But what of Palavicino’s intelligence activities? Palavicino was first and foremost a merchant and cannot be called an ‘intelligencer’ in the strict sense of a Gilbert Gifford or a Robert Poley. Nevertheless his extensive trading network allowed him access to many areas where intelligence could be collected and, most pertinent to his skills, needed to be paid for. Intelligence would have been imperative for supporting his business activities, and therefore it would have been a natural progression for this to extend to state secrets. Through his contacts across Europe a great deal of information passed through his hands, not all of which was safe. Palavicino was regarded as an object to deceive the English government and was often fed misinformation. To the most part Palavicino negotiated his way through the maze successfully, though not always.

In 1585 there is evidence that Palavicino was distributing funds and letters in Northern France on behalf of the Earl of Leicester, including paying and receiving reports from Thomas Rogers (alias Nicholas Berden) a Parisian-based spy working for Walsingham. Instead of reporting to the English Ambassador, Sir Edward Stafford, as etiquette demanded, Berden was reporting to Walsingham via Palavicino and Leicester, the significance being that Walsingham did not trust Stafford, who he suspected of leaking information to both the Duc de Guise and his Spanish backers. Palavicino, also charged with keeping an eye on the English Ambassador, became friends with Stafford and was soon made uneasy by the latter’s gambling addiction which he reported in careful terms to Lord Burghley. Although never proven conclusively, the suspicion was that Stafford was selling secrets to the enemy in order to fund his gambling habits.

Palavicino’s friendship with Stafford put him in an awkward position, with Leicester and Walsingham pondering his loyalty, but it didn’t seem to dent his importance to the English cause. In mid-1586 the Italian was in Germany as Elizabeth’s agent in Frankfurt negotiating the recruitment of a German protestant army to invade France whilst receiving visits from a number of agents, including Giordano Bruno, who had spied on the French embassy in England, and Walter Williams, a less than successful spy who had failed in a previous attempt to get close to Stafford when the ambassador got him drunk.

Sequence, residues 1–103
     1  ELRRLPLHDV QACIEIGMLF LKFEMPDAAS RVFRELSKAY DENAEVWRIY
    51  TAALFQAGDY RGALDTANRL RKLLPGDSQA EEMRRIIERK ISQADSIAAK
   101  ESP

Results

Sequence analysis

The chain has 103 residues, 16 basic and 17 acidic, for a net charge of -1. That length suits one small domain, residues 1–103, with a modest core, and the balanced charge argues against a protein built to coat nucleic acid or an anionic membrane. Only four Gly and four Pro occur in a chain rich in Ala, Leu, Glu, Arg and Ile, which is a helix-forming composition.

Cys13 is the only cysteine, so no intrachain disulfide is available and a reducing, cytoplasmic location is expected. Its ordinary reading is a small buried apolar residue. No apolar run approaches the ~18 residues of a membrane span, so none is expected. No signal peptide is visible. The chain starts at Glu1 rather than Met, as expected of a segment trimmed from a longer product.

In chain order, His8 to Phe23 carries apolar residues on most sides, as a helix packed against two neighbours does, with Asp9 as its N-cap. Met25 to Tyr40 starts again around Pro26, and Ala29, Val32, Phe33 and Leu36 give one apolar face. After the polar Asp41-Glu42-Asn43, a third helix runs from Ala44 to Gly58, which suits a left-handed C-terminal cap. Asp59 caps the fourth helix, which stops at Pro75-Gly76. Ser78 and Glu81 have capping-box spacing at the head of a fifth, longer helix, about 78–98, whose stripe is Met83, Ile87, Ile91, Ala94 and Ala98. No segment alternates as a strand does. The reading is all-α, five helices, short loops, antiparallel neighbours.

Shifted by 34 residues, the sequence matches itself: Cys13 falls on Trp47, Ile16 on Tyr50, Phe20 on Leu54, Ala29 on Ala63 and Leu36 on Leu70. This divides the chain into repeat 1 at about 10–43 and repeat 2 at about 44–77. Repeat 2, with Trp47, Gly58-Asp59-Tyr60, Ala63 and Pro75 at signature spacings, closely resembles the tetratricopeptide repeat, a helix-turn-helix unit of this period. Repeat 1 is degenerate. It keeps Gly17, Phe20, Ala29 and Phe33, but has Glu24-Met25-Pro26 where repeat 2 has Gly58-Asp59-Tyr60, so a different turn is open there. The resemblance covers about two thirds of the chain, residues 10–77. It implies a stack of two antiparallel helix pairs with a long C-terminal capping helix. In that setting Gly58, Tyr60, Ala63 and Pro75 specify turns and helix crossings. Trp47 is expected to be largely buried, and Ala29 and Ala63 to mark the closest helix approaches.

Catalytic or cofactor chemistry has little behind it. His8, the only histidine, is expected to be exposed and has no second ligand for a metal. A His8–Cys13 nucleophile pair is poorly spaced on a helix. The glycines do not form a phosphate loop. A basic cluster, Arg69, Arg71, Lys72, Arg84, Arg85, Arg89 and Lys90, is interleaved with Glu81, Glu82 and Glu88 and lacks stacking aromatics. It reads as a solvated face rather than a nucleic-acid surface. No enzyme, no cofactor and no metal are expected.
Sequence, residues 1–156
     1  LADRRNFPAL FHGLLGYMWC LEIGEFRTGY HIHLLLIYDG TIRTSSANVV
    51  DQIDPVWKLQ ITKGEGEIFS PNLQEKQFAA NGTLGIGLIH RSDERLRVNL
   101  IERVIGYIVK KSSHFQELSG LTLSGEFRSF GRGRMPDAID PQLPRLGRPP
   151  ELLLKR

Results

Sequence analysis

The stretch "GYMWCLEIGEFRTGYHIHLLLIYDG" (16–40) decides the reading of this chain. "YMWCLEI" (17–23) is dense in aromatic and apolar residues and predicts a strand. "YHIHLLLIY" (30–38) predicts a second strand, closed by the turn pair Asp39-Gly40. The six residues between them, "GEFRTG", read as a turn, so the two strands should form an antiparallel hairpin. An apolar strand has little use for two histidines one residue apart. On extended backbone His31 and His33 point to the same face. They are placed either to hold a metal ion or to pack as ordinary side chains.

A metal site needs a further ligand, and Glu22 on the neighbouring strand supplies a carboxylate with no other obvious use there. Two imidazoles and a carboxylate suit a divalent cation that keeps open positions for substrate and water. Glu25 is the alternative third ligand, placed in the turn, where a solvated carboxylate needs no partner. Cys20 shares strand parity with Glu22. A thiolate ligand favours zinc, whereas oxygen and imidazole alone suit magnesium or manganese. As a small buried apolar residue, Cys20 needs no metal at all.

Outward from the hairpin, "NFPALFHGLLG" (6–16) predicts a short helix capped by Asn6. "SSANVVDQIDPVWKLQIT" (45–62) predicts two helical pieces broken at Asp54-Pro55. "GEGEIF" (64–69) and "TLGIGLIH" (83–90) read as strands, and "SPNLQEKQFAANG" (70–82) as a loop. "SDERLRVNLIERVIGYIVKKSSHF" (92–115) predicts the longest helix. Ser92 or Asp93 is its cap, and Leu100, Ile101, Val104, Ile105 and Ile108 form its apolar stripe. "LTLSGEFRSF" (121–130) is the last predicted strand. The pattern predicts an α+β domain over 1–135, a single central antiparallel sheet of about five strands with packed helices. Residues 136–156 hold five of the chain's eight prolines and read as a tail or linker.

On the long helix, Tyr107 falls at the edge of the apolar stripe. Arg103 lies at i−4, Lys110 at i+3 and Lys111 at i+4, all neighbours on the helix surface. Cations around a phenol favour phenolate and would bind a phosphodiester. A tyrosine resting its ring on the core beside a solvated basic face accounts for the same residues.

Palavicino was knighted in 1587, and in 1588 he financed a ship to help repel the Armada, although he wasn’t allowed to captain it due to his commoner status. He made one of his rare slips before the Armada when he passed on Italian intelligence stating that men, money, ships and ammunition for the Armada were far from plentiful and that she was likely to sail at a later date. After the Armada was defeated, Palavicino got involved in negotiating on behalf of Spanish soldiers shipwrecked in Ireland in the wake of the Armada.

Palavicino seems to have been a man motivated primarily by money and power and, as someone who was variously described as a scalawag, reprobate, philanderer, letch, debauchee, rapscallion, sycophant, and a practitioner of the fetish of deflowering virgins(!), he seemed to lack the ethical standards of his predecessor Sir Thomas Gresham, who founded the Royal Exchange and Gresham College. For Palavicino, intelligence was perhaps another commodity to be traded. It is true that he harboured some grudges against the Catholic faith but it was his decision to keep the papal rents he had collected that presumably set them at odds in the first place.

In the 1590s, an attempt to gain a monopoly on maize coming from the New World saw him fall out of favour with Queen Elizabeth. He was banished from court and retired to an estate in Babraham, close to Cambridge, from where he continued to increase his fortune, partly through some dubious mortgage deals. He was never to have such great influence over political finance again, dying in 1600.

Part 1, HERE:
The Catholic Exile, Gilbert Gifford
The Playwright Adventurer, Christopher Marlowe


Part 3, yet to come:
The Noble Intelligencer: Sir Anthony Bacon
The Diligent Spy: Thomas Rogers


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Jonathan Digby is a British writer, who lives in Camden, North London. When not writing, he can be found performing under his stage name John Exell, or creating music with his indie band, Boxgrove Pseudomorph. A Murderous Affair is his first novel.

The year is 1588. The Spanish Armada has recently been defeated, and Queen Elizabeth rides in triumph through a celebrating London. But even in peace, the city has a deadly underbelly.

When the body of a Portuguese nobleman turns up on the banks of the Thames with a seal around his neck all fingers point towards Lord Rokesby as the murderer - particularly as the foreigner was last seen at a dinner party at his house the night before. Yet there is more to this murder than meets the eye. John Lovat, Lord Rokesby's illegitimate brother, is called in to dig deeper into the events surrounding the death. And the more he uncovers, the more complex the crime becomes.

Soon Sir Francis Walsingham, Elizabeth’s chief counsellor and spy-master, takes an interest in the case. And Lovat finds himself caught up in 'A Murderous Affair' - one that involves murder, betrayal and infidelity and which will take him from grand houses to the mean streets of Elizabethan London as he tracks down the truth.

A Murderous Affair is a fast-moving historical murder mystery that combines meticulous research with gripping story-telling.

"A compelling piece of work that kept me turning the pages." - Robert Foster, best-selling author of The Lunar Code.